Our lived experience, by and large, is now happening with a screen in front of us. As a global society bound by similar tribulations and technologies, we are now getting married, celebrating birthdays and conducting business with the assistance of a device that never seems to leave our peripheral.
This is clearly not normal, and the potential long-term effects of our digitally globalized planet have yet to be fully explored.
There used to be a clear delineation between work life and home life. But because of a microscopic parasite 10,000 times smaller than a grain of salt, this no longer exists. Due to the nature of remote work, every day can turn into a workday if we let it. We can find ourselves working past lunch, dinner and through the quiet hours of the night, all while dodging the continuous onslaught of daily notifications and reminders via the accessory in our pocket.
The end of a workday can leave us feeling physically and mentally exhausted, even though we were likely wearing the most comfortable (and professionally accepted) outfit we own while in the coziness of our living space.
And now, not only do work responsibilities fill up our daily calendar, but when work is at home, so do our kids, our dog, our spouse and all the other to-dos that come with real-life.
This daily feedback loop of information overload runs us the very dangerous risk of digital mental fatigue.
This digital fatigue can lead to lack of energy, mental clarity, burnout and can cause negative psychological and physical effects to our overall well-being—let alone work output. But this isn’t only about our own mental health. It’s becoming increasingly difficult to notice if a colleague is struggling, as our only mode of communication is during a video conference.
The CDC recently reported that one-third of Americans have displayed clinical signs of anxiety, depression or both since the pandemic began. Does anybody think we should live in a world where one out of every three people we walk by shows signs of clinical illness? Or is it worth exploring new methods to combat the madness? And how do we find the balance between embracing a digital corporate culture to meet business expectations while nurturing our mental health? Here are TK daily habits to consider adopting.
Make the time
Every day is a balance between screen-time and me-time, so we all need to provide ourselves with regular pulse checks. It now takes conscious intention to move away from a digital screen.
My advice is to schedule mental health-focused breaks and put them in your calendar like a meeting. It’s one thing to take a 15-minute break to mindlessly scroll through your device, but it’s important to give yourself a chance to create space and disconnect.
Disconnecting from anything electronic is the only way to reconnect with yourself. I suggest setting an actual timer, that way, you can allow your mind to rest or wander. Stand up, get some fresh air, and go for a walk. Do anything that gets you away from staring at a screen.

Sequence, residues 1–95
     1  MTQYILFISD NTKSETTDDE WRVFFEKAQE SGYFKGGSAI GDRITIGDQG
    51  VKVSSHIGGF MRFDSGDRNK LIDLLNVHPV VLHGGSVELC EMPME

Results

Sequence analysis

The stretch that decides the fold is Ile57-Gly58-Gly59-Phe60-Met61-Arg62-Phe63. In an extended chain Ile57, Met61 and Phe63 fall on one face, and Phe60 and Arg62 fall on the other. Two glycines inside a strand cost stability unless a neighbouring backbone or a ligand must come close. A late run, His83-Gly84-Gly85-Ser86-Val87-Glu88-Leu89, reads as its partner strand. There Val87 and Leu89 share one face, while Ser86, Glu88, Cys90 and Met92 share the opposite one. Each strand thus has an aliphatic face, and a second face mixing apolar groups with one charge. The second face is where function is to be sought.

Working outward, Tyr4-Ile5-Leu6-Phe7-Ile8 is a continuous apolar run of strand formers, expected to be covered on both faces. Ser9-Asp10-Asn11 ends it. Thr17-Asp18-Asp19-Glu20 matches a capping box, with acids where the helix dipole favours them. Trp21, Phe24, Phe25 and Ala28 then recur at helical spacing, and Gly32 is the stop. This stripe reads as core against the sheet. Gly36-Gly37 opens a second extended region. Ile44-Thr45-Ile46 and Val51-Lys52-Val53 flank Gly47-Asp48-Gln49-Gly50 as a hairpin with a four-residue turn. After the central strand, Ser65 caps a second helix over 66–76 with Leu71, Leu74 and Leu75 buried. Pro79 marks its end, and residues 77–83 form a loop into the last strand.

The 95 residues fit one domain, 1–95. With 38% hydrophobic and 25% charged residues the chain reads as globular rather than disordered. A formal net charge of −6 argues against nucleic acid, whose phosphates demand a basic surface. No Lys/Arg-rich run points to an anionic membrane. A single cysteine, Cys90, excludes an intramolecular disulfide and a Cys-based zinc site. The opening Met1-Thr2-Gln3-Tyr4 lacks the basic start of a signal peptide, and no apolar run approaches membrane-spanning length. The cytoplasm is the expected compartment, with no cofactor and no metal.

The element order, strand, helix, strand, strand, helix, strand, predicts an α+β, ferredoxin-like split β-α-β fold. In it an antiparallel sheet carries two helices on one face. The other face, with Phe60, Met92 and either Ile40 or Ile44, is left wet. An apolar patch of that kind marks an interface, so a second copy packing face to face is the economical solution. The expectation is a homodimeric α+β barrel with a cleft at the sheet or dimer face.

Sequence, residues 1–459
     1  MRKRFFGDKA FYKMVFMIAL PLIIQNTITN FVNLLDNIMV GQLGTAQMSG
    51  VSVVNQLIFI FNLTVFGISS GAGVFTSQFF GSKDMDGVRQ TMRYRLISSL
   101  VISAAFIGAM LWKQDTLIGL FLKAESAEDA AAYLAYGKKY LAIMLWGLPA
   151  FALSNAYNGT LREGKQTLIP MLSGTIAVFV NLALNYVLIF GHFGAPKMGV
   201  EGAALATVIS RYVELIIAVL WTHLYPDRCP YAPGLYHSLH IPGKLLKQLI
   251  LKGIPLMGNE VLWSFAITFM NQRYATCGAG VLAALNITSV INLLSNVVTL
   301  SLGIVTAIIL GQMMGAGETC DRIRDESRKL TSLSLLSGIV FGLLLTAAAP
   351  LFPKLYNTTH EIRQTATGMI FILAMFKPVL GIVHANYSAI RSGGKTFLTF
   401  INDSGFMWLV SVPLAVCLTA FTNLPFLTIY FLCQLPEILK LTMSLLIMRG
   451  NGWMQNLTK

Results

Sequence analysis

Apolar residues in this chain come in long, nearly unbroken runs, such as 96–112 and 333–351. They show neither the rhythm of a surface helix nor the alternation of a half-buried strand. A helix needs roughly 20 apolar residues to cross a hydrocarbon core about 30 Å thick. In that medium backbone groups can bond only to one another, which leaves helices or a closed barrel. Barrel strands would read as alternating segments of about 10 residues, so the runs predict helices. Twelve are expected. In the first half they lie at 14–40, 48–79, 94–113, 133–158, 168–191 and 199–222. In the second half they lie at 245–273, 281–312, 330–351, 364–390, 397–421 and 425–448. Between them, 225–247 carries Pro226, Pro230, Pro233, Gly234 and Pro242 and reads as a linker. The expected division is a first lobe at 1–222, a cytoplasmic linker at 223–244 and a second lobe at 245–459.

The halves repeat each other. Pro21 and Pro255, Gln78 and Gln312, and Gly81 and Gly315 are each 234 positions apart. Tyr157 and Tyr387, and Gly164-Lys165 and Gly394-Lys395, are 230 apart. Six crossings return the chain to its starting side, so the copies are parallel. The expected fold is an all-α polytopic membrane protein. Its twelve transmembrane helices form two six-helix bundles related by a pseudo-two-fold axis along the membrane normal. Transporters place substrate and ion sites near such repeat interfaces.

Even briefly closing your eyes can help bring clarity and energy, which will only make you more efficient at performing daily tasks. A PubMed study on naps found that a 30-minute nap gives the body enough time to enter deep (slow-wave) sleep, which improves alertness and memory.
So when the break notification pops up, honor the allocated time and acknowledge there’s more to life than work, even if it’s just for a few moments.
Set your boundaries
We are all professionals. We still have a service to provide for our customers, but continuously feeling exhausted is not good for business. It’s time to set some clear boundaries and make sure all necessary parties are aware. You could start by not taking meetings after a particular time of the day throughout the week and saying no to calls on the weekend. Set up your schedule as best you can to serve the day you want to have. Even highlight in your email signature your public hours (i.e., when you’ll be checking and responding to inquiries).
Creating intentional days to perform deep work tasks will also help you find more flow in your life, which will allows you sustained productivity, creativity and is a key to unlocking your greatest potential.
Know the signs
Based on a Cigna report, three in five adults (61 percent) report they are lonely, a seven percentage-point increase from 2018.
Not only are we all working alone from our own island, but our world is facing the most significant existential crisis of the last 100 years. It’s okay not to feel okay. And because of information overload, the signs of digital fatigue can cause seemingly unrelated symptoms.
One common symptom is the fragmentation of your mind. We find ourselves in an endless parade of Zoom meetings, FaceTime calls and email responses. Too much bouncing back and forth between tasks can lead to feeling mentally disjointed and cause anxiety. Too much anxiety in the emotional diet can lead to shortness of temper, hasty decision-making and overwhelm. But there are more than just emotional signs.
It didn’t take a pandemic to know posture should always be top of mind. Physical discomfort can quickly lead to emotional pain. Suppose we’re not mindful of body position throughout the day. When this happens, it’s all too common to feel soreness in our necks, head, eyes, tailbone, hands and feet due to extended hours of sitting or standing.
When these symptoms start creeping into your life, it’s time to readjust.